How Does Medication Adherence Affect Mortality Risk in Patients With Colorectal Cancer, Diabetes?

June 2, 2020

For individuals with both diabetes and colorectal cancer, high adherence to oral diabetes medication was associated with a significantly reduced risk of overall mortality compared with lower adherence, according to a study published in Cancer Epidemiology, Biomarkers & Prevention.

For individuals with both diabetes and colorectal cancer, high adherence to oral diabetes medication was associated with a significantly reduced risk of overall mortality compared with lower adherence, according to a study published in Cancer Epidemiology, Biomarkers & Prevention.

In 2018, colorectal cancer ranked second globally in terms of mortality and third in terms of incidence of all cancers, while the global prevalence of diabetes was estimated at 8.5% in 2014. In addition, the authors note there is an increased risk for long-term, all-cause mortality among patients with colorectal cancer and preexisting diabetes.

According to the researchers, “Diabetes mellitus is known to have a negative effect on colorectal cancer survival due to hyperinsulinemia or hyperglycemia, and medications such as metformin, which targets insulin resistance and hyperinsulinemia, have a preventive effect on the risk of death.”

Despite increasing rates of diabetes in recent years, one report found medication adherence among those diagnosed was only around 60%.

To compare the risk of death among patients with colorectal cancer and diabetes who had different adherence levels to oral antidiabetics, the investigators compiled data from 33,841 patients with diabetes and newly diagnosed colorectal cancer between 2002 and 2016 in South Korea.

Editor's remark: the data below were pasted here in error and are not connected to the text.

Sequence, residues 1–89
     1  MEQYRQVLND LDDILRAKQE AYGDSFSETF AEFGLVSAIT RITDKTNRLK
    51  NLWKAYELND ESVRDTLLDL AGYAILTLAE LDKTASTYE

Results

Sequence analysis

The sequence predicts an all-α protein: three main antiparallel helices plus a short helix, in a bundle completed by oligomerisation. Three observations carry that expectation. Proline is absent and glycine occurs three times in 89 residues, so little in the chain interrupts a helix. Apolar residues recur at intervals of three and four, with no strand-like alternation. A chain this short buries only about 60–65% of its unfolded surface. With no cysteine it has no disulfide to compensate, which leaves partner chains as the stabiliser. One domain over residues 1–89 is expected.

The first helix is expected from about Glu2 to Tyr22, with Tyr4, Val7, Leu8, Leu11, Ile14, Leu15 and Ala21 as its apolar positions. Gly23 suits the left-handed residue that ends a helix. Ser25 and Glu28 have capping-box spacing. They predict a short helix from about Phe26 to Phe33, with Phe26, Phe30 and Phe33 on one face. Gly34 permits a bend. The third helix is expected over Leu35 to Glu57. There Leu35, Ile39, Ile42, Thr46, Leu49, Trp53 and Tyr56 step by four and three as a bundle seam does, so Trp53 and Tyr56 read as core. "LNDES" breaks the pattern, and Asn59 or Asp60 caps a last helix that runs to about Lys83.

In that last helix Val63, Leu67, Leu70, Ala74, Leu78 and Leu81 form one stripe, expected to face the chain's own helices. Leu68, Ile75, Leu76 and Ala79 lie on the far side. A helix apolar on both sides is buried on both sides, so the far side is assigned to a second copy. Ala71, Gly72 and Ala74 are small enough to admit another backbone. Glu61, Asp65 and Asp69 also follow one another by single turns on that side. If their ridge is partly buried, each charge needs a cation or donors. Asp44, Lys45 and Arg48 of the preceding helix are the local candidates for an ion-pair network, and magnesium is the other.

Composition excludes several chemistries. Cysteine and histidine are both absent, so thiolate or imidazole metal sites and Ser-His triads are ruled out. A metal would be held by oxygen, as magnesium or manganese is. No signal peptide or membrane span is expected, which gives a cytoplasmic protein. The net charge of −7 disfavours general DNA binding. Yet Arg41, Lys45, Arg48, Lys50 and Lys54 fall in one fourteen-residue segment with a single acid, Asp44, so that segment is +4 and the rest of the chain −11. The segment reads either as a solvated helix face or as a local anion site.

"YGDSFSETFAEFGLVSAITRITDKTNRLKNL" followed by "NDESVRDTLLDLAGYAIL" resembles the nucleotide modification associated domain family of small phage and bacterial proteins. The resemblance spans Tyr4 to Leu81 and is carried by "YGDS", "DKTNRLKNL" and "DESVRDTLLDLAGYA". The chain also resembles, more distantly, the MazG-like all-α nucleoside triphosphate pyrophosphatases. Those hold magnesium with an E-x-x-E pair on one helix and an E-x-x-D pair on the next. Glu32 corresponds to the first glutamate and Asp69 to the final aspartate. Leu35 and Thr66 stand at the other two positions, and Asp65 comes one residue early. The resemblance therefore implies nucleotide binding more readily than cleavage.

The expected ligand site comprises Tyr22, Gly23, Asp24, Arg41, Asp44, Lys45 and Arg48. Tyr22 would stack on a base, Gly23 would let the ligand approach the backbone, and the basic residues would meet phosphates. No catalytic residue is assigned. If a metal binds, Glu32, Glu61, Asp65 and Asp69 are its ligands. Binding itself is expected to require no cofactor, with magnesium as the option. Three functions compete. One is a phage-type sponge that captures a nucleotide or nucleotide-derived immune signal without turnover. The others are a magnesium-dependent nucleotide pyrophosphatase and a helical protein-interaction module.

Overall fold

In this retrospective cohort study, patients were followed-up with from the date of diagnosis until death or December 2016, for an average follow-up period of 4.7 years. Medication adherence was calculated as the proportion of days covered (PDC), while HR and 95% CI for death were estimated using low-adherence patients as references. Specifically, PDC were calculated as “the number of days with drug on hand divided by the number of days in the specified time interval.”

Of the patients included in the study, 7615 (PDC ≥ 80%) were found to be adherent and 26,226 (PDC < 80%) nonadherent with oral diabetes medications. Overall, less than 23% of patients included were highly adherent to their oral medications.

“Patients with colorectal cancer with good adherence showed a reduced risk of death (HR, 0.82; 95% CI, 0.78-0.86) compared with those with poor adherence…In our crude and adjusted models, maintaining good adherence to medication showed a 16% to 19% lowered risk of death," the researchers said.

Data revealed the mean age at diagnosis of colorectal cancer was higher in adherent patients, while the proportion of insulin and metformin ever-users was higher in nonadherent patients.

During the time frame, there were 1958 and 8076 deaths among the adherent and nonadherent individuals, respectively. Stratified analyses for cancer subsites also revealed a lower risk of death for every cancer subsite. Notably, patients with distal colon cancer exhibited a 21% to 24% reduced risk.

One potential explanation for why oral antidiabetics may enhance survival among patients with colorectal cancer is because “these medications are mainly focused on improving hyperglycemia or hyperinsulinemia," the authors said. These conditions "are the acknowledged mechanisms by which diabetes mellitus contributes to cancer progression, the better the adherence, the stronger the effect of improving the survival of patients with cancer."

Reference

Choe S, Lee J, Park JW, et al. Prognosis of patients with colorectal cancer with diabetes according to medication adherence: a population-based cohort study. Cancer Epidemiol Biomarkers Prev. Published online June 1, 2020. doi:10.1158/1055-9965.EPI-19-1455